Ethics Considerations In Plastic Surgery

Plastic surgery, a name that comes “from the Greek” plastikos, “which means to model or shape, refers to the medical specialty that is dedicated to restoring or modifying the shape of the human body

Plastic surgery includes both reconstructive surgery and plastic surgery. Reconstructive surgery is performed on abnormal body structures caused by birth defects, developmental abnormalities, trauma, infection, tumors, or disease. Plastic surgery is performed to restore shape or reshape body structures to improve their appearance.

History shows that the practice of plastic surgery has ancient roots; however, plastic surgery, as a defined specialty, was not fully recognized until the First World War. Today, scientific advances in this specialty allow plastic surgeons to achieve improvements in shape and function that seemed impossible just ten years ago. It is important at this point to make it explicit that for the exercise of this surgical specialty, a high degree of academic quality is required to obtain the title of specialist in plastic surgery, therefore, it is an obligation of professional groups to claim the place they deserve this area of ​​medical knowledge. Affirm a practice focused on the best interest of the patients, of the best possible technical quality, and the greatest ethical correction.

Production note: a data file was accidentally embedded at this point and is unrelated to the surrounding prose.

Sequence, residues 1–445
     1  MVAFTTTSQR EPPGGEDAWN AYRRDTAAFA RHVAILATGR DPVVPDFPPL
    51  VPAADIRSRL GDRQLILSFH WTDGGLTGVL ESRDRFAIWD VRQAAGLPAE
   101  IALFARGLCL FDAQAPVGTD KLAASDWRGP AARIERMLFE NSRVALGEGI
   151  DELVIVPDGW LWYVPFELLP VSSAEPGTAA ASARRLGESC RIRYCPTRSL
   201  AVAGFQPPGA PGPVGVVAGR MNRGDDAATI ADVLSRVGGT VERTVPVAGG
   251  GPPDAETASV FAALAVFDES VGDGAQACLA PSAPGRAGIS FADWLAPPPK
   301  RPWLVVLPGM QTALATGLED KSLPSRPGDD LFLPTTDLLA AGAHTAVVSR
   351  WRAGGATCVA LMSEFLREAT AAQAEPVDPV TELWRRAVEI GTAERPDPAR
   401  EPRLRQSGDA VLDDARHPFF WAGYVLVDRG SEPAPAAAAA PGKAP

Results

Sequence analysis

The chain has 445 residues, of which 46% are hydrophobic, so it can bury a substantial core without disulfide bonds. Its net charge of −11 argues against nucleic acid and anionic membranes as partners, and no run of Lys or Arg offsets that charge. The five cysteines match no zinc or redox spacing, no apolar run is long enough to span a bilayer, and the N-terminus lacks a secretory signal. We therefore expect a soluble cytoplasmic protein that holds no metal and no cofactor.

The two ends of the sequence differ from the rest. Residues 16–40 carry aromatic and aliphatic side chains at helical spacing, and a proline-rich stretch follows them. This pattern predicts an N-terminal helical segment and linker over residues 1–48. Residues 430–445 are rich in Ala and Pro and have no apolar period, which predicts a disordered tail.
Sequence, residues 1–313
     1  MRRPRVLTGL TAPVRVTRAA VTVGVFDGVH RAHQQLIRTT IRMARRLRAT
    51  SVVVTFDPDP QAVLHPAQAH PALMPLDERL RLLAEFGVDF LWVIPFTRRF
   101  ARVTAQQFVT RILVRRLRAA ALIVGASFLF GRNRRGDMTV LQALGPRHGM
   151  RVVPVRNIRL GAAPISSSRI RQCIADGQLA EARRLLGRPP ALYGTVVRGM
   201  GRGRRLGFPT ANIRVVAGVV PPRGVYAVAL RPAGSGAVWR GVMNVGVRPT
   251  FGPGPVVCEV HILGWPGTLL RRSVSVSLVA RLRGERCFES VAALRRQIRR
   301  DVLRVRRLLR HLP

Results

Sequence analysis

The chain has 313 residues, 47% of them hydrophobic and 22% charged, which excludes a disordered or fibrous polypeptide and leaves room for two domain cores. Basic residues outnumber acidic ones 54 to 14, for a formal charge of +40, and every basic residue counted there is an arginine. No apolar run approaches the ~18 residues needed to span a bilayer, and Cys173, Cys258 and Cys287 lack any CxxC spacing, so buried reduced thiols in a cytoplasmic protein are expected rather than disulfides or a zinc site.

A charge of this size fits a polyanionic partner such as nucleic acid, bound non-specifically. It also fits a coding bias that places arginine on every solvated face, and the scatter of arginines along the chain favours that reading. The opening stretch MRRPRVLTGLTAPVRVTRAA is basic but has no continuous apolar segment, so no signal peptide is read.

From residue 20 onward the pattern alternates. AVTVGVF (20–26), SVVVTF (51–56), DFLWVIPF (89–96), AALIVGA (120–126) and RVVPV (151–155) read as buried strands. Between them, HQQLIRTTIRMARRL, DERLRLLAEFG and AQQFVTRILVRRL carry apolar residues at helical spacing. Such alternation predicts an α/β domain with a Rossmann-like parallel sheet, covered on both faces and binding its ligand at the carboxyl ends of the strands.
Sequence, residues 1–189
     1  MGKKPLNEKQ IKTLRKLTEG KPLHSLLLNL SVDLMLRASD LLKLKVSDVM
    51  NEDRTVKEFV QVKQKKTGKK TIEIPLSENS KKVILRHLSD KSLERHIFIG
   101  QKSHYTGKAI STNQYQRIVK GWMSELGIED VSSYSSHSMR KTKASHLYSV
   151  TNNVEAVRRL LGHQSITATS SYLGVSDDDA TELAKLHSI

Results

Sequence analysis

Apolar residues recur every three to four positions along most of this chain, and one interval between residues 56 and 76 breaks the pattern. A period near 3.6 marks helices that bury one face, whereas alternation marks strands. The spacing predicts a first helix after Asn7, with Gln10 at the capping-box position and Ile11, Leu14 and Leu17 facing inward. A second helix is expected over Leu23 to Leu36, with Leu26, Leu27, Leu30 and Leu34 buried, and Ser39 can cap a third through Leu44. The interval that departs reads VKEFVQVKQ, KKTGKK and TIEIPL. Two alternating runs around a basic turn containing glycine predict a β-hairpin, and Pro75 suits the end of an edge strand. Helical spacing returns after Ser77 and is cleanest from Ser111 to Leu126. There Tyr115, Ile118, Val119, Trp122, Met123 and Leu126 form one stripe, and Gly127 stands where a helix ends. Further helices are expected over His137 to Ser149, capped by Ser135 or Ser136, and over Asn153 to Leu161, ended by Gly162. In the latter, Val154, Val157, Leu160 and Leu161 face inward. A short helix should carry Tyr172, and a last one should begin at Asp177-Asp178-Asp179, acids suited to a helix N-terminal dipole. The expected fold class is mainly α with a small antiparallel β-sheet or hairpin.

Like any surgical procedure, it is worked clearly in the award, being a medical action that has both its complications and its risks. For this reason, in any treatment that is to be carried out, there must be a prior interview where the patient can be given an outline and their objective, making shared and agreed decisions in all areas, truthfulness as an intangible value, must be permanently present. It is within this framework of reflection, where we make some scopes of ethical aspects relevant to the practice of our specialty.

Today’s society must learn to educate the gaze so that it does not focus only on that which is external and epidermal, the body, but on everything that gives identity and meaning to a person’s life. That is why, in surgery, the framework of ethics establishes that it is a good act if it achieves the intended purpose. To qualify as good, it is necessary to define precisely the purpose, which ultimately is not to remove, repair, or replace a diseased organ, but to improve the quality of life of the patient.